Sad Girl Justice

IMG_9837What was your chatroom username back in the day? Maybe you went with a super chill CODchick123, or perhaps a more badass Sk8erboiAnarchy365

In the case of this sugar-punk rock group, it’s Sad13.

It’s December 2nd and Sad13 of the band Speedy Ortiz, (previously hosted by, is about to perform their livestream in the “Secret Bunker.”

Pressure is an unconventional music organization that finds new and original artists to livestream in offbeat places — specifically chosen for the artist’s sound.

The creator of Sad13, Sadie Dupuis — rocking glitter eyeshadow and big hair scrunchies on her wrist — begins the set with mistakes. She cues the computer beat and out comes a brief — Boom Bah CUT. She apologizes and jokes, “That was our first song.” She tries again — Boom Bah CUT — the same musical mishap, twice. “That was our second song.” The other members are relaxed, they seem unfazed and chuckle at the singer. If “three times a charm” has any validity at all, this should be the try that triggers the music.

And it does! The song erupts in an upbeat melody while Sadie claps her hands into the mic and loops the sound. I immediately think to dub their music “pop,” but that would be selling it short. The song is intriguing in the way that it moves and transforms. It oscillates between happy and predictable then dips down to a sharp, uncomfortable center — like a lollipop from one too many licks.

Dupuis’s ultra-girly voice is susceptible to flashes of hysteria, the guitar unabashedly scratches away at discordant riffs, and the lyrics fearlessly drop this sort of message:

I say yes to the dress when I put it on/ I say yes if I want you to take it off.”


“You still wanna lick my asshole, man.”

There’s no mistaking Sad13 for your typical top 40 pop-band.

The easy-on-the-ears synth guitar and sickly sweet vocals give the music a sort of “I want to be popular, pretty, glamorous and wanted” feel, but it seems things always go amuck; the drums have a thrash attack, the synth gets bitter and starts wildly chucking notes around to distort your senses, and that oh-so-girly voice starts to convulse and the whole damn facade falls apart.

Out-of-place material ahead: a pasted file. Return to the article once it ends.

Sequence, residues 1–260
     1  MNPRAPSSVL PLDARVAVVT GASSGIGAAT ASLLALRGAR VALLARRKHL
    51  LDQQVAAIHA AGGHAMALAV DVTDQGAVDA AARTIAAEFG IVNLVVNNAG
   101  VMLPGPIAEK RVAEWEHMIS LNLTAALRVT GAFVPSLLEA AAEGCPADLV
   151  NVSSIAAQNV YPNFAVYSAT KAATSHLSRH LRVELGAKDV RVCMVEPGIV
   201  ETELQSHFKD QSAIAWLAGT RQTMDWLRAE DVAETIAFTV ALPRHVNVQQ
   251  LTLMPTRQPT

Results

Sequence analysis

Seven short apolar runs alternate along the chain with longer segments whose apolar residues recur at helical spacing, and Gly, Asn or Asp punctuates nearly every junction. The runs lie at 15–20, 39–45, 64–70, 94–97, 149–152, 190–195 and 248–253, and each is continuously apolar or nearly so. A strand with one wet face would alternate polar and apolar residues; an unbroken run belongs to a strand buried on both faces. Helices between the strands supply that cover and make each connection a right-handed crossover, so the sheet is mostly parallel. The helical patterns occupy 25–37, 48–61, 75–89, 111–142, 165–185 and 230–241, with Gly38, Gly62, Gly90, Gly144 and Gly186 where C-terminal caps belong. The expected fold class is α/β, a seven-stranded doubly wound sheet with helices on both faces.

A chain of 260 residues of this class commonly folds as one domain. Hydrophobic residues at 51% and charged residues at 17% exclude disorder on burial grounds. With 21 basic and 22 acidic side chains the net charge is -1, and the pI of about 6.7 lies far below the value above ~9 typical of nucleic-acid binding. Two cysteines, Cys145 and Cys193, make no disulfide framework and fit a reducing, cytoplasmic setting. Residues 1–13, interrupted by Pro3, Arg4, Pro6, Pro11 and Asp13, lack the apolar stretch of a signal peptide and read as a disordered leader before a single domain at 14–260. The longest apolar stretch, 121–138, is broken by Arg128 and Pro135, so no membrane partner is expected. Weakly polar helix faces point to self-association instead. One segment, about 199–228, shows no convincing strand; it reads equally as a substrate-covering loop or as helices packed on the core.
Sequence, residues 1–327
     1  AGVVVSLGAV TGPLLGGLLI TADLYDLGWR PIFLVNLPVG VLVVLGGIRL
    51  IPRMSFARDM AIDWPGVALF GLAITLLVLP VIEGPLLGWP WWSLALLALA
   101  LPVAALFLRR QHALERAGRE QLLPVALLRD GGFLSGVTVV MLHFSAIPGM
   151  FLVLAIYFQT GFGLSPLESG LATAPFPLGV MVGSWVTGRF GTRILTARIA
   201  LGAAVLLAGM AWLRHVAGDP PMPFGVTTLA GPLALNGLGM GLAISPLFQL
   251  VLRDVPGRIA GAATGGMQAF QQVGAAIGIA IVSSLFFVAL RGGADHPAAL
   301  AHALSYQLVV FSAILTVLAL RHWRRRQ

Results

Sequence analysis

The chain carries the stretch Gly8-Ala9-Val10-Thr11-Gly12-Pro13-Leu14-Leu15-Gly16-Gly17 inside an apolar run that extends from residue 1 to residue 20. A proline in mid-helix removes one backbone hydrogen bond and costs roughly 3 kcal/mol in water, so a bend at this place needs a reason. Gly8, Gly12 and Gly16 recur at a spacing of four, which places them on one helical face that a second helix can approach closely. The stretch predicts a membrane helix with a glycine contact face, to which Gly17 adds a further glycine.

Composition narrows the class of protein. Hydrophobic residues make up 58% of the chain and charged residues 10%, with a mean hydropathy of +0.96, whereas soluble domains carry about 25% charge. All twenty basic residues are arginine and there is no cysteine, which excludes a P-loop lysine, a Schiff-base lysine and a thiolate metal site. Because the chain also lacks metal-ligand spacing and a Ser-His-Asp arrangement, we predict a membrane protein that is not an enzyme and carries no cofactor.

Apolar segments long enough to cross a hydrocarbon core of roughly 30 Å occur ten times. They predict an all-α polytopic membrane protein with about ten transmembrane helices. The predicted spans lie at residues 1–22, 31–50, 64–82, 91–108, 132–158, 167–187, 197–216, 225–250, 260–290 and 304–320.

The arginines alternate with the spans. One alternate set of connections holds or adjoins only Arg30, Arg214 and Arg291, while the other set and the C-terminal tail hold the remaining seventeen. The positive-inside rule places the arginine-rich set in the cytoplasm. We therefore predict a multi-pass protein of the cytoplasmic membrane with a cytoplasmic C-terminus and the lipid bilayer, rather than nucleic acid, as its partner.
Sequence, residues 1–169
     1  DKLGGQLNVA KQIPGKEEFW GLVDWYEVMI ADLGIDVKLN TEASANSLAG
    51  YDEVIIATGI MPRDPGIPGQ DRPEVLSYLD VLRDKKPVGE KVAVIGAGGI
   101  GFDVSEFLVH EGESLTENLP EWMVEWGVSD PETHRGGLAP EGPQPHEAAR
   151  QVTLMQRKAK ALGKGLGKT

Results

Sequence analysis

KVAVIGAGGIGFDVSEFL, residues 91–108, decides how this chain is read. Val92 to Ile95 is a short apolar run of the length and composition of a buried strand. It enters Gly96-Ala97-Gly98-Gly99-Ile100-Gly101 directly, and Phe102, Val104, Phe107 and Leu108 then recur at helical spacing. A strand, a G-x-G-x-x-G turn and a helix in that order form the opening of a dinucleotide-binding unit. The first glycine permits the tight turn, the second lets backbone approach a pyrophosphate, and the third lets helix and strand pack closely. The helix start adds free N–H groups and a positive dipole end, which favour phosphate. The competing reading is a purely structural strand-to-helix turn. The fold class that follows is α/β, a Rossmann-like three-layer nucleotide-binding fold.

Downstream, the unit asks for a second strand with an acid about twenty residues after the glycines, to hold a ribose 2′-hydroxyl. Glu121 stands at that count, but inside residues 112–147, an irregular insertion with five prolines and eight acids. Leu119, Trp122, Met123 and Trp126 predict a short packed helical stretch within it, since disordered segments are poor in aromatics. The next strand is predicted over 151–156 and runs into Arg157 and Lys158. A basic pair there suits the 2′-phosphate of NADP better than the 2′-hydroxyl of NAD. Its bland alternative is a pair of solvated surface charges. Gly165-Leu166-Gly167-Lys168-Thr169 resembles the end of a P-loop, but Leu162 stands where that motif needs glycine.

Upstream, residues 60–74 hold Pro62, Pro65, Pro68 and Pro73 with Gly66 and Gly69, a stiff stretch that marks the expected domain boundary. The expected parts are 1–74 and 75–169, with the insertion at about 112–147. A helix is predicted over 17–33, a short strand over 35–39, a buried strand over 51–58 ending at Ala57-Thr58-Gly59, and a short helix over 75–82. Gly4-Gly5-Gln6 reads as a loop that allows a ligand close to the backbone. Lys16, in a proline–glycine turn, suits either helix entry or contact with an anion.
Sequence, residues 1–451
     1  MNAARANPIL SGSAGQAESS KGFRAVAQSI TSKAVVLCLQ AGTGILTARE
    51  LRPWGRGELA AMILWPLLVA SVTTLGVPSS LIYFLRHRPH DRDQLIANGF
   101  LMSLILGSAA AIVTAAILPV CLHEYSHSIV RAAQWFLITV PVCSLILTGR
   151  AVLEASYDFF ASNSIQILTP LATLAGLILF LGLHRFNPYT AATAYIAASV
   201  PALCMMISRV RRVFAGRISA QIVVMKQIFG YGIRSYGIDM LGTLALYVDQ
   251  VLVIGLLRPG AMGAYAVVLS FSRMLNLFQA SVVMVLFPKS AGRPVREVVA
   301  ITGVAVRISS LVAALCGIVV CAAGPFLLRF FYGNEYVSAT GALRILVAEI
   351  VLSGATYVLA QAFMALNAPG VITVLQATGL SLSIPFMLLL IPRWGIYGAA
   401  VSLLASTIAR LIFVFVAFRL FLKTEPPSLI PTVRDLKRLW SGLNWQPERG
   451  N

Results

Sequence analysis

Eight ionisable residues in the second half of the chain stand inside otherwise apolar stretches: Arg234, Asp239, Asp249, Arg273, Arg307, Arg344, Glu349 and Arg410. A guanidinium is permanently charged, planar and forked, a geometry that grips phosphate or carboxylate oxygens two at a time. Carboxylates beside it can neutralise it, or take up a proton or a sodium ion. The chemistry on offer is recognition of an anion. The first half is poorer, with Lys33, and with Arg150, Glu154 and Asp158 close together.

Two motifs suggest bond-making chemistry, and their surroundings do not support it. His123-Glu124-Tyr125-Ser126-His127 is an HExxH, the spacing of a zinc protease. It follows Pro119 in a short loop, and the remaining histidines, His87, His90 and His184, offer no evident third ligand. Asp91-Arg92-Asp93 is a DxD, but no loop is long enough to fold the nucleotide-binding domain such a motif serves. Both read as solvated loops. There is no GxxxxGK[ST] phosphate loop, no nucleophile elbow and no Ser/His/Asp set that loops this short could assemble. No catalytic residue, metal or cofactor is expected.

No one ever said being yourself was easy, and Sad13 is musical proof of that.

The bunker is decked out with dangling, dim lights, colorful streamers and dark punk posters on the walls; there couldn’t be a set more fitting for this band. As I watch them play, I can’t help but feel I’m witnessing a bunch of prom queens toss out their tiaras and go completely mad together, in the privacy of their basement hangout spot.

It’s almost like they are performing their diaries — maybe in some alternate reality, to avoid people’s stares. I take a look at the guitarist sporting some VR looking sunglasses and my hypothesis feels even more concrete. 

They may be regular, fleshy humans, chalk full of normalities in real life, but when they are united, they are a kickass team of chatroom superheroes, using their instruments of choice to fight for #sadgirljustice.

Their livestream is short and sweet, just 20 minutes, but they get their point across — Don’t mess with my heart or my head, I’m not what you’re expecting.

“Thank you!” the lead singer squeals delightedly. “Sad13. So happy! So tacos!” They all laugh with some sort of taco-fueled, superhero wisdom and strip themselves of their weapons.


Lovin’ the Taste of #TerryMaltsLive

The warehouse of Timbuk2 is big and open with natural light tossing itself in through the abundance of windows.